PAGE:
An armed support unit, newly created in the run-up to the UK leaving the European Union, will be moved closer to the border, says Gardai Commissioner Drew Harris.
He was speaking to an Irish Parliament justice committee on Wednesday when he was asked about concerns on the UK's exit.
"We've built up resources around our armed support unit, at the moment we have about 30 more members trained and ready," the Commissioner said.
"We're also looking towards the introduction of an armed support unit in Cavan to reduce response times in the border area, so there's a lot more to come, but we're very aware of the Brexit challenges.
"We have increased numbers in the border area, and making further investment in armed support in Cavan through the new operating model we will further enhance policing around the border counties."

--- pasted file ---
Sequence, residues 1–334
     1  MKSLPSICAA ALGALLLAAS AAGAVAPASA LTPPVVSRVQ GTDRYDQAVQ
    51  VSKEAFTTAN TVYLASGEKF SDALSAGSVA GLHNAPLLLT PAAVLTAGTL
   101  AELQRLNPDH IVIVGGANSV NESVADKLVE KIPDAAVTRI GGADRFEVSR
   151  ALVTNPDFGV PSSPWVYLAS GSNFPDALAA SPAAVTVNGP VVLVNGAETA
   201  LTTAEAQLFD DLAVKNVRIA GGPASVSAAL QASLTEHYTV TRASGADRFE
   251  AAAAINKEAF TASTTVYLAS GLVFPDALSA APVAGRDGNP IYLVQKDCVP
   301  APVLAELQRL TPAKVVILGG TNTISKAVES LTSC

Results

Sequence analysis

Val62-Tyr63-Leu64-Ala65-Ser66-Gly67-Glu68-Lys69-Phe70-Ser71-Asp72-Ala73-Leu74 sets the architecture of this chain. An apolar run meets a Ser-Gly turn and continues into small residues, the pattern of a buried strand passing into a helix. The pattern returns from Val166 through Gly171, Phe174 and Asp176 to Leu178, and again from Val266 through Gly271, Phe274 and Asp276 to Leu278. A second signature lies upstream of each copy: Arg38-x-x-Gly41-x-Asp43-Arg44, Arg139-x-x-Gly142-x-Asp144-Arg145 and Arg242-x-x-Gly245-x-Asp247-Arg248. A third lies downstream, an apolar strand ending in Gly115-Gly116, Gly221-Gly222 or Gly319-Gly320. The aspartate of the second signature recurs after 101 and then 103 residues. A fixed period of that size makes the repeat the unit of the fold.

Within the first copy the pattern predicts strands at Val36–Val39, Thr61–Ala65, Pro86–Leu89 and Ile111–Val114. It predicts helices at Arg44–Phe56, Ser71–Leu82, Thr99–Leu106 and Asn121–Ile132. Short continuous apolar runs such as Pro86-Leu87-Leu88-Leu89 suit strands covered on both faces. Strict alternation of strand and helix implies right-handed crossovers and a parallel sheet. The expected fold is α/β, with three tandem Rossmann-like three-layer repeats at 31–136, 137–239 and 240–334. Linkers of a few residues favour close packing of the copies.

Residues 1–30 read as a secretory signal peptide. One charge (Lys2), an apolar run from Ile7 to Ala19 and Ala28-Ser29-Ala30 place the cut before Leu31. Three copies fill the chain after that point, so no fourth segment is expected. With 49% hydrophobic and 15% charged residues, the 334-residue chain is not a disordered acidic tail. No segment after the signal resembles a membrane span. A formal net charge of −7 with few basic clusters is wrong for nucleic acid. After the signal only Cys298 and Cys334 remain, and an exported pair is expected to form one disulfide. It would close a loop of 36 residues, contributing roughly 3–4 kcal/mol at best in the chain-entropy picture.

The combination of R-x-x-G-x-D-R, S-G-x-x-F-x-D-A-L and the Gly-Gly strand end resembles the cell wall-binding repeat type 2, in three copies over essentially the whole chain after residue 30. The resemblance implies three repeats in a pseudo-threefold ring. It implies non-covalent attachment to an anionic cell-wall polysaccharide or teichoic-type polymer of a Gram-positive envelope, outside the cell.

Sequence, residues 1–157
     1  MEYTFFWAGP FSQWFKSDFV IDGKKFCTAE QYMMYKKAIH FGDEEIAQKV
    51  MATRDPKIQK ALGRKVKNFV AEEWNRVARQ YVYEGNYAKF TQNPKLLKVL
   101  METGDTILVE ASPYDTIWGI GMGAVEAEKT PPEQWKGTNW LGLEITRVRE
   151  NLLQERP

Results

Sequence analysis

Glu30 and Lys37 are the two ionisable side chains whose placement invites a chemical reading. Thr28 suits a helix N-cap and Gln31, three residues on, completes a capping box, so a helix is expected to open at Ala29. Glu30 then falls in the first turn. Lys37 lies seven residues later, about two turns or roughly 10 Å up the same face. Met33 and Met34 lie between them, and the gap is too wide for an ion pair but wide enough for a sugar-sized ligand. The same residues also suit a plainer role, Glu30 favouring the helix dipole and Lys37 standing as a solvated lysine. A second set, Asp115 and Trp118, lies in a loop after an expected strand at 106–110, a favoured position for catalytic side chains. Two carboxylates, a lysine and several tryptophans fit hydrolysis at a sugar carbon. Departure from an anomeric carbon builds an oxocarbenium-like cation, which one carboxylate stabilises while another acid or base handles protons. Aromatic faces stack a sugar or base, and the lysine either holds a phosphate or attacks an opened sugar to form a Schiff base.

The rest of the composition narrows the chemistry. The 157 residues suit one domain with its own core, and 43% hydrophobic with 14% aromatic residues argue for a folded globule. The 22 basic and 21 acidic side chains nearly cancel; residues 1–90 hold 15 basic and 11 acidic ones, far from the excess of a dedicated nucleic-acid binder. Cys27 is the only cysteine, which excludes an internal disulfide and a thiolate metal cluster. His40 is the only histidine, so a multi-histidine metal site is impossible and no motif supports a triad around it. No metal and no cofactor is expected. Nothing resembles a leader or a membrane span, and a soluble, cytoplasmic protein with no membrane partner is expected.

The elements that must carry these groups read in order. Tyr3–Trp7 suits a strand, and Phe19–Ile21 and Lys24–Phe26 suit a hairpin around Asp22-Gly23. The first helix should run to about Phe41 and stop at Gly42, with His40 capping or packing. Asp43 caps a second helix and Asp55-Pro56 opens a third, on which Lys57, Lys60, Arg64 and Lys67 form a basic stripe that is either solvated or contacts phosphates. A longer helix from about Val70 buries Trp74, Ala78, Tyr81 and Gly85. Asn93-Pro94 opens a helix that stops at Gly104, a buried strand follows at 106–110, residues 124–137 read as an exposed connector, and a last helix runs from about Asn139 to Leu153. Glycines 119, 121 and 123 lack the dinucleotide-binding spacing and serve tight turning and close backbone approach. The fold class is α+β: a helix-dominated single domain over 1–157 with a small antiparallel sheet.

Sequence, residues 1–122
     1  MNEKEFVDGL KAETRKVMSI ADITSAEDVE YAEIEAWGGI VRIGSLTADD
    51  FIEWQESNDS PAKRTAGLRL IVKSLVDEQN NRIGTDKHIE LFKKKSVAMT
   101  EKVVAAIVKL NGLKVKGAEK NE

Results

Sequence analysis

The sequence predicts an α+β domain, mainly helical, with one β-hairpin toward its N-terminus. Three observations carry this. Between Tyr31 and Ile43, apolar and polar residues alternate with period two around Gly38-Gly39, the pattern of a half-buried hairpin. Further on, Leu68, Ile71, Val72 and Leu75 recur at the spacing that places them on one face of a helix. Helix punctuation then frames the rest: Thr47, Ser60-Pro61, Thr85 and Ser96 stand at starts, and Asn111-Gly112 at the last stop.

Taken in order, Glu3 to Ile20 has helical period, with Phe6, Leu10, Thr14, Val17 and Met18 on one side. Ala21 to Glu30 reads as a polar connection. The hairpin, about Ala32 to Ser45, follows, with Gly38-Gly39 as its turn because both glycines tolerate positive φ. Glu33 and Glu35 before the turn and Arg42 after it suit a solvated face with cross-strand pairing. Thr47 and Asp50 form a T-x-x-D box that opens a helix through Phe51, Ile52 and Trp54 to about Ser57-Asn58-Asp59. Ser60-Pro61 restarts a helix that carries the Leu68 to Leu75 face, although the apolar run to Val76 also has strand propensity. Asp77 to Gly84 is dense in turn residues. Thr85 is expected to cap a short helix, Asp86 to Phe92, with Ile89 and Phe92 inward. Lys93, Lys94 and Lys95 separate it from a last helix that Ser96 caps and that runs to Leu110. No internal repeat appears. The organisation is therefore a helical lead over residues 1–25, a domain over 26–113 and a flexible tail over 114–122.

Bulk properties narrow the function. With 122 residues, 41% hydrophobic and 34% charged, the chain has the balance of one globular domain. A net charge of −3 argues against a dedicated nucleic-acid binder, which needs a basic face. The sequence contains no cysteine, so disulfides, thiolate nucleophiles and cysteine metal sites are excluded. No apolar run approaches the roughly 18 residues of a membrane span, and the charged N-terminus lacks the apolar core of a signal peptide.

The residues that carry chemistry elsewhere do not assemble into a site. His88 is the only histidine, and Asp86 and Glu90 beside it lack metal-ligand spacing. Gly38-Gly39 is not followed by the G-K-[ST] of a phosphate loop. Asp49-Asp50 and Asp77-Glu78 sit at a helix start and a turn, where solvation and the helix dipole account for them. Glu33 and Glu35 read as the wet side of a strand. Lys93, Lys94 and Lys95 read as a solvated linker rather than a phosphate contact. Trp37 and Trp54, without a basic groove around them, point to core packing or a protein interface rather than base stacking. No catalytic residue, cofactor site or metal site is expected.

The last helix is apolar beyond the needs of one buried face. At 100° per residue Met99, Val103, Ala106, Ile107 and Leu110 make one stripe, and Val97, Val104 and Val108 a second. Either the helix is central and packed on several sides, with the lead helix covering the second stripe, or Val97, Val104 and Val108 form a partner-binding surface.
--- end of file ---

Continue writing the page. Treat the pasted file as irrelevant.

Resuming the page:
Mr Harris refused to be drawn into speculation about possible violence in the event of a no-deal Brexit, which has been forecast by many, including dissident republican groups, if customs or border posts are introduced, as the UK becomes a third country with an EU border.
On Wednesday, the European Commission President Jean-Claude Juncker said there remains a 'palpable risk' of the UK leaving the EU without a deal.
Mr Juncker told MEPs in Strasbourg: "I said to Prime Minister Johnson that I have no emotional attachment to the safety net, to the backstop, but I stated that I stand by the objectives that it is designed to achieve.
"That is why I called on the Prime Minister to come forward with operational proposals, in writing, for practical steps which would allow us to achieve those objectives.
"Until such time as those proposals have been presented I will not be able to tell you, looking you straight in the eye, that any real progress has been achieved."